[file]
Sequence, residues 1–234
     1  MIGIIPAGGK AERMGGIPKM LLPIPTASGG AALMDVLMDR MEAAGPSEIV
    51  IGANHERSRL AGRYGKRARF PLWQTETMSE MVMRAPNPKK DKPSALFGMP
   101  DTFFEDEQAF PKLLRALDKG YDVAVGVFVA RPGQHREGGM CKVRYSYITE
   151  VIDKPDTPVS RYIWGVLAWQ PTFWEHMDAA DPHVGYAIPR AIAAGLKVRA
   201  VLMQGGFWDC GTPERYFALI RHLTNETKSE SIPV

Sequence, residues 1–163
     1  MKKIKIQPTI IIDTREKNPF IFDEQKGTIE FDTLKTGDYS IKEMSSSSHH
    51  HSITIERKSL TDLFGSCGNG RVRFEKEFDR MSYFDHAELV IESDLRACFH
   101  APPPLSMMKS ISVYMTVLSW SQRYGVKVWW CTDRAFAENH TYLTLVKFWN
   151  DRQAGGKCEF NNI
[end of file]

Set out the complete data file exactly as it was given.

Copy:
Sequence, residues 1–234
     1  MIGIIPAGGK AERMGGIPKM LLPIPTASGG AALMDVLMDR MEAAGPSEIV
    51  IGANHERSRL AGRYGKRARF PLWQTETMSE MVMRAPNPKK DKPSALFGMP
   101  DTFFEDEQAF PKLLRALDKG YDVAVGVFVA RPGQHREGGM CKVRYSYITE
   151  VIDKPDTPVS RYIWGVLAWQ PTFWEHMDAA DPHVGYAIPR AIAAGLKVRA
   201  VLMQGGFWDC GTPERYFALI RHLTNETKSE SIPV

Sequence, residues 1–163
     1  MKKIKIQPTI IIDTREKNPF IFDEQKGTIE FDTLKTGDYS IKEMSSSSHH
    51  HSITIERKSL TDLFGSCGNG RVRFEKEFDR MSYFDHAELV IESDLRACFH
   101  APPPLSMMKS ISVYMTVLSW SQRYGVKVWW CTDRAFAENH TYLTLVKFWN
   151  DRQAGGKCEF NNI